However, on average, USAA and GEICO provide the cheapest rates for drivers before and after a lapse in coverage. USAA’s auto premiums increase by an average of just $24 for lapses under 31 days and $50 for lapses of 31 days or more. GEICO’s rates increase by an average of $80 and $107, respectively.

In contrast, Allstate has some of the highest rate increases, charging an average of $647 more for lapses under 31 days and $714 more for lapses of 31 days or more.

Average Annual Premiums After Car Insurance Coverage Lapses
Lapse of 31+ Days
Lapse of 1-30 Days
No Lapse in Insurance









State Farm




























Getting Car Insurance After a Lapse in Coverage

If you have a lapse in insurance coverage, you can still purchase car insurance coverage for your vehicle. While your rates might be higher, we recommend you buy as much insurance coverage as you can comfortably afford to protect both yourself and your vehicle.

When looking for car insurance after a lapse in coverage, be sure to shop around and compare rates. Car insurance companies penalize a lapse in coverage to differing degrees. By getting quotes from several different insurers, you can make sure that you’re getting the best possible deal.

Additionally, ask your insurance provider if they offer no down payment car insurance. This way, you can get insured with the lowest available upfront payment.

How to Avoid a Lapse in Insurance Coverage

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    When switching car insurance providers.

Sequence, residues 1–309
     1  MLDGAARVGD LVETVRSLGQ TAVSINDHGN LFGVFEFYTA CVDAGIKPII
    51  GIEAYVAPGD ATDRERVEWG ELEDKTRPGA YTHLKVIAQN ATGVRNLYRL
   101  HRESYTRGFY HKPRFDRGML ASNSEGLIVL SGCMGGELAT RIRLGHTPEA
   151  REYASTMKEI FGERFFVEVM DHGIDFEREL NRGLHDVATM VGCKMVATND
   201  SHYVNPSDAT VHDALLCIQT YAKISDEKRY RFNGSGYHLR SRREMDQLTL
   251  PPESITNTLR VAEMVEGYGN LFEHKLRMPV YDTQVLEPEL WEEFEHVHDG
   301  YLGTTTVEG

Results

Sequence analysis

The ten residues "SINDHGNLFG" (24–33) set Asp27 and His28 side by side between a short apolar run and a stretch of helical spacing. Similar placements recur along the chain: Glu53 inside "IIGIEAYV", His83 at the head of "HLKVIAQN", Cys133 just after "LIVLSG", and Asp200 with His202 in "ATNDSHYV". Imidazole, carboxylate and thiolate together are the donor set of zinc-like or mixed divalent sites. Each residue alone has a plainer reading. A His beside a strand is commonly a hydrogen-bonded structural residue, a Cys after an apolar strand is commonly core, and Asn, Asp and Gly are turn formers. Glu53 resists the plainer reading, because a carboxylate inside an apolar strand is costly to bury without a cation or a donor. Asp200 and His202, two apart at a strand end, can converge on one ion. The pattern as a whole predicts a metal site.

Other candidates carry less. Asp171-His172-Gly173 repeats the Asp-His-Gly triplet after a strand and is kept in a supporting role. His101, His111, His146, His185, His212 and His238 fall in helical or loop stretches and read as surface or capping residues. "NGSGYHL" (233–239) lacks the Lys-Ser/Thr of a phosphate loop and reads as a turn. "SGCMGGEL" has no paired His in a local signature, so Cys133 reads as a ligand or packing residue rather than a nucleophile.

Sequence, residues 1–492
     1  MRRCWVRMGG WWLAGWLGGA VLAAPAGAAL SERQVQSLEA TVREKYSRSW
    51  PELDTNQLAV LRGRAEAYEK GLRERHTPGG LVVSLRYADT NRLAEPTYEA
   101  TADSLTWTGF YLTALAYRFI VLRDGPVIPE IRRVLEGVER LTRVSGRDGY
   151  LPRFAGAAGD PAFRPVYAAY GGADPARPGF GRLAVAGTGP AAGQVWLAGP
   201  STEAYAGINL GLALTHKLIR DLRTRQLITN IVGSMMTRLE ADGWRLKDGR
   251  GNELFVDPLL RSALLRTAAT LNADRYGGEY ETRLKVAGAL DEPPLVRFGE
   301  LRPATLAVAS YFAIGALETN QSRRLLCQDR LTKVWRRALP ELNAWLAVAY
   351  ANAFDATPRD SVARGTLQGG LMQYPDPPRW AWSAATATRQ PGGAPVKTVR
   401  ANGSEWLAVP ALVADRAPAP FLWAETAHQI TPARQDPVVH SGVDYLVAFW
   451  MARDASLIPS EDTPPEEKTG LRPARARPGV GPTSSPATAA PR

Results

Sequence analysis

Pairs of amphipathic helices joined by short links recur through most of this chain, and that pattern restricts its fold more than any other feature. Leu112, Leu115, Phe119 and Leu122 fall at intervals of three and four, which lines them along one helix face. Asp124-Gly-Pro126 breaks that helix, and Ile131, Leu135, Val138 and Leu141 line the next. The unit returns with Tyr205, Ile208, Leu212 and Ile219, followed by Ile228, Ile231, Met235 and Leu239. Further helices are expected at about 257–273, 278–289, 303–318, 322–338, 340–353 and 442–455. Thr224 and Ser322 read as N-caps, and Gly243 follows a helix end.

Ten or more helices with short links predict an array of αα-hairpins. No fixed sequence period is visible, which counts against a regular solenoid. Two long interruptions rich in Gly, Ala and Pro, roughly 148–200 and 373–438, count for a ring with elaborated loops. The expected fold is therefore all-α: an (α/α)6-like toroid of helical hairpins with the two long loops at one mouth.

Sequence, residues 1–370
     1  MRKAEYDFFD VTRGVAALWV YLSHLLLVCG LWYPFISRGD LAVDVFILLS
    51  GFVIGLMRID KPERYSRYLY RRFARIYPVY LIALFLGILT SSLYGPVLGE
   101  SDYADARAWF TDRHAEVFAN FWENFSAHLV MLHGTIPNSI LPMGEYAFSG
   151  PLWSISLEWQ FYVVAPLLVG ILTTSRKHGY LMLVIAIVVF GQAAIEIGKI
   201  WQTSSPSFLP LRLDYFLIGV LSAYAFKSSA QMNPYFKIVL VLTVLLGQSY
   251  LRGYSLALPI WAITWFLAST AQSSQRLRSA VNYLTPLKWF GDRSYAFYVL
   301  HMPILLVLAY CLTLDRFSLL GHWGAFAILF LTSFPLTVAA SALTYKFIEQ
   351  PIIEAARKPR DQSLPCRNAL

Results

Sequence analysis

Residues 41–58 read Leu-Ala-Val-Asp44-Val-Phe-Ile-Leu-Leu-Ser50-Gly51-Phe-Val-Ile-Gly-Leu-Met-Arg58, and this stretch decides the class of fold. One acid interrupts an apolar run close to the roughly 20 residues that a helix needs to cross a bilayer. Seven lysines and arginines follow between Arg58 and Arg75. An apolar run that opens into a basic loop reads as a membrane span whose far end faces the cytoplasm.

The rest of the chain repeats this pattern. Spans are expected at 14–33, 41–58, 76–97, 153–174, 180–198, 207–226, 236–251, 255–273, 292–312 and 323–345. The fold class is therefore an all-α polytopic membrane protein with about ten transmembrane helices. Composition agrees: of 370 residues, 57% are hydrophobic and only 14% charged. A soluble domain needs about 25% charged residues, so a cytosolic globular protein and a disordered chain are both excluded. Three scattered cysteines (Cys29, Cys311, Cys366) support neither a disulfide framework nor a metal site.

Make sure that coverage overlaps by at least one day to ensure continuous coverage. Confirm with your new insurance company that your new policy is active before you cancel your current one.

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    When insurance is too expensive.

    Shop around for a less expensive plan or buy lower coverage to liability-only insurance to bring down your costs. The average car insurance rate for liability-only coverage is $75. To find the cheapest liability-only insurance company, collect quotes from multiple providers for the same coverage type. Some companies offer a discount to drivers that are continuously insured or have completed a defensive driving course.

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    When you missed a payment.

    Many insurance companies give grace periods for auto insurance payments. Grace periods last a few days, but make sure to call your provider after your payment to make sure that your policy is active. If it’s too difficult to track your payments, set up an automatic payment from your savings or checking account. Paying your premium in full could also score you a discount.

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    When you stop driving.

    You can ask your car insurance company to suspend or pause your car insurance policy. Temporarily suspending your insurance coverage doesn’t count as a lapse, but not every insurance company offers this option.

Frequently Asked Questions

How much does a lapse in coverage affect insurance rates?
Do I still need insurance even if I don’t drive regularly?
How many days is considered a lapse in coverage?
Can I have a lapse in coverage while switching insurance companies?
Do I still need insurance if my license is suspended?

About Margaret Wack

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Margaret Wack, a contributing journalist at MoneyGeek, is an award-winning poet with over six years of editorial experience in digital publications. She writes about insurance, saving, investing and banking, with bylines on Money Under 30 and Bankrate.

Wack earned her Bachelor of Arts in Classics, Comparative Literature and Poetry from Smith College and her Master of Arts from St. John's College.